This kit was purchased at Footprints in Dublin, Ireland in 1999. I look at this piece and I remember warm friendships forged, museum visits of confusing art, long walks down a winding Irish road to buy my weeks worth of groceries; apples, potatoes, milk, cheese, salami. Perfumed streets in Dublin of cologne, Supermacs, and cigarettes all mixed together. I was spending 5.5 months in Ireland from July thru December. It was one of the best trips of my life. Volunteering with Scripture Union Ireland for the 2nd summer in a row and then I headed west to the The Burren College of Art for the fall semester of my senior year. The summer was all about people and the fall was all about my art.


I picked this up at my local craft store such a long time ago. It began my love of song birds. I started it with just a few stitches and left it for about 12 years. I had an issue for a while with starting so many projects and then not finish them. I love how plump this little blue bird is.


These cardinals took over a decade to complete. A real start & stop project. Again. I started it during the ending of one relationship just to finish it at the beginning of reconciliation of the same. As I’d work through this piece towards the ending of it, I’d feel the tediousness of it, but it brought me peace to work through it.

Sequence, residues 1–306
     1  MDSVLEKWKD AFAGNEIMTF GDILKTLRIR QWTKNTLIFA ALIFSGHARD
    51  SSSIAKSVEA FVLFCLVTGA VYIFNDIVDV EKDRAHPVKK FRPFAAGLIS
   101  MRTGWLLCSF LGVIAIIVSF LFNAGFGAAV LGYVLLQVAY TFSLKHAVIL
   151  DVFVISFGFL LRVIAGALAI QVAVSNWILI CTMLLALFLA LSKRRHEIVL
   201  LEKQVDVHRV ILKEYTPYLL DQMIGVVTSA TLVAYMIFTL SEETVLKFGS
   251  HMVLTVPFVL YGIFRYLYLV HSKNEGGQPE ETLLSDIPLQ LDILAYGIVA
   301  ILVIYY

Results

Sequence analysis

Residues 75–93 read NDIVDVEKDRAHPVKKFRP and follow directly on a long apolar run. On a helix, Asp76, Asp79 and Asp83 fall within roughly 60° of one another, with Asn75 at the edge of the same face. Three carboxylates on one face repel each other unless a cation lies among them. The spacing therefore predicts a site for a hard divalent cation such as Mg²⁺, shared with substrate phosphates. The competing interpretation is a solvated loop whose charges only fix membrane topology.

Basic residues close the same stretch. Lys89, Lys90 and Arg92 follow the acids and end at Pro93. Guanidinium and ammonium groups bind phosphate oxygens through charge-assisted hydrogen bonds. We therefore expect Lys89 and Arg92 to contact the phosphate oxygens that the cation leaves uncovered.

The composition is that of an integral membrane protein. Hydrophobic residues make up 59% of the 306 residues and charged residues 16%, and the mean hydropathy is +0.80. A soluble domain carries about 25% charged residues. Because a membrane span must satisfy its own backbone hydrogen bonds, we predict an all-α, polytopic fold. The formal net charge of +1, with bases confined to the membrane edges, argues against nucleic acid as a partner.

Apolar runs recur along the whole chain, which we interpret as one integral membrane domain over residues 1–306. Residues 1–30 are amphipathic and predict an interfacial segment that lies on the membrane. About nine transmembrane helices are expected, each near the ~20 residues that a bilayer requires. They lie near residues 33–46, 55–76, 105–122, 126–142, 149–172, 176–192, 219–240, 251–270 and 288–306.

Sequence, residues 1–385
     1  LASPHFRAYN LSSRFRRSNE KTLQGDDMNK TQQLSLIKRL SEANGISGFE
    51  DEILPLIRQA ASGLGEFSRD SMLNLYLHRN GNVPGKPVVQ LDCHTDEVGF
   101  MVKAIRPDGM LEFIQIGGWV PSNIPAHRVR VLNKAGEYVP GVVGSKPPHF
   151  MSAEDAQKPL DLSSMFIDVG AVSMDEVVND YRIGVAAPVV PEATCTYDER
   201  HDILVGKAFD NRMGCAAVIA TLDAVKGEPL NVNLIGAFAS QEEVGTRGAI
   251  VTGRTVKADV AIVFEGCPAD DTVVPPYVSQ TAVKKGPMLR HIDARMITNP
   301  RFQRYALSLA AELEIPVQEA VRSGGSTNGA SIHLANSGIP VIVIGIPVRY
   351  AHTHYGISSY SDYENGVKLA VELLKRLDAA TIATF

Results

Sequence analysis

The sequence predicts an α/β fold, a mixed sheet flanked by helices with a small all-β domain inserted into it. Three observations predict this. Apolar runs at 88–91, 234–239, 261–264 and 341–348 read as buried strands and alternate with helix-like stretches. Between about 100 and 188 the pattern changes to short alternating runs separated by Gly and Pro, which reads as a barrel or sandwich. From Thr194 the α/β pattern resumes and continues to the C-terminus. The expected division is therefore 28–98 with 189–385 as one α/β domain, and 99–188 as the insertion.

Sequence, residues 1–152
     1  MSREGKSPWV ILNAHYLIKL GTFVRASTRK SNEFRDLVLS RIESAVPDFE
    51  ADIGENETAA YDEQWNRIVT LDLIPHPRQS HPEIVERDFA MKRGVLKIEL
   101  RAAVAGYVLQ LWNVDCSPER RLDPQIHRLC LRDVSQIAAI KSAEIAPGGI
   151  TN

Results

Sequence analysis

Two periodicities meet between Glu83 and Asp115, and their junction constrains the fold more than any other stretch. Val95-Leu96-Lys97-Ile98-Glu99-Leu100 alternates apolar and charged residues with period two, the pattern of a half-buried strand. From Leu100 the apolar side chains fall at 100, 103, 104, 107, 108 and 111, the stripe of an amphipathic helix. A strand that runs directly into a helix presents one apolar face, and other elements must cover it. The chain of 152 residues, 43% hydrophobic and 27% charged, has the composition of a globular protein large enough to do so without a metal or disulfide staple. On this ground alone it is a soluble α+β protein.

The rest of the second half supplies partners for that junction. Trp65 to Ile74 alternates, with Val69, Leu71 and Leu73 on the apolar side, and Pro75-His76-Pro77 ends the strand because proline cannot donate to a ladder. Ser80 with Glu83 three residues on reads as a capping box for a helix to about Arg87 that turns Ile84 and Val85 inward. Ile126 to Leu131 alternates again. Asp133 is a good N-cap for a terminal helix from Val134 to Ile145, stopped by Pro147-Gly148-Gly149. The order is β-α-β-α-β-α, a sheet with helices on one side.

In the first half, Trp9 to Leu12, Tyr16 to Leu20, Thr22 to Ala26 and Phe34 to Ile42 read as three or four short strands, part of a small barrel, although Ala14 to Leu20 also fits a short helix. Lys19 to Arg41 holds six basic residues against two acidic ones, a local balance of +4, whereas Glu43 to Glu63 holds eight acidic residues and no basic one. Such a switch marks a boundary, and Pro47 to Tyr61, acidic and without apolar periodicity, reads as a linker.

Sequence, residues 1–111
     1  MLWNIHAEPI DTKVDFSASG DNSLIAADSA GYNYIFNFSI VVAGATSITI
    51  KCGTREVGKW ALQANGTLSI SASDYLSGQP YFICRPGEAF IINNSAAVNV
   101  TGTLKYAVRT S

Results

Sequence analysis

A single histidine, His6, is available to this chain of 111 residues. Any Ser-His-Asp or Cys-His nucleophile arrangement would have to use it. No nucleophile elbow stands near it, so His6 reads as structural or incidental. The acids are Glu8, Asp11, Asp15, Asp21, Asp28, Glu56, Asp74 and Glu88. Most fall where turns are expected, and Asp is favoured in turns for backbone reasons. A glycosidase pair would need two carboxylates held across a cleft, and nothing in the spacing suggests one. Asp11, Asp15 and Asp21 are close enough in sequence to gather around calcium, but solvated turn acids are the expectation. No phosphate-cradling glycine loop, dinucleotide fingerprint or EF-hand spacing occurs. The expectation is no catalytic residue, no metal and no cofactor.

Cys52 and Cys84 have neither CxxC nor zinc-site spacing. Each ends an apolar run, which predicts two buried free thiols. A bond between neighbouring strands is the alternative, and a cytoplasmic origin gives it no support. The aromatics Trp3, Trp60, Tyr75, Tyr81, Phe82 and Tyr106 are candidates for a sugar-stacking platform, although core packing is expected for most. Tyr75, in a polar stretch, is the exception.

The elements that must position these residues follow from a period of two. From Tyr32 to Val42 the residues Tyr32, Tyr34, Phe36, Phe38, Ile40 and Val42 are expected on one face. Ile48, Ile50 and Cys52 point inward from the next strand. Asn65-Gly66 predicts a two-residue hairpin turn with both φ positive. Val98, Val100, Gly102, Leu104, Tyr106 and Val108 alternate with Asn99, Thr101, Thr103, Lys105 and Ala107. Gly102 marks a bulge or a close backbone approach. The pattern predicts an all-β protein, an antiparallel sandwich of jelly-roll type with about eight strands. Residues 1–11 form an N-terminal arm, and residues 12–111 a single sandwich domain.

*************************************************************************************This may be my favorite of them all. Though it’s a toss up with the cardinals. It sings September to me.


Now, I’ve got a few more, of course, in my line up. Of song birds of course. But first I’ve been working on a pretty different one. I found it at Camp Wool in Kennebunk, Maine. And though I had to gather all the colors, myself, I couldn’t resist this design. Of an Old New England Whaling Ship. It spoke to me in a way that I thought would help me mediate on one of life’s great mysteries to me; my own heart.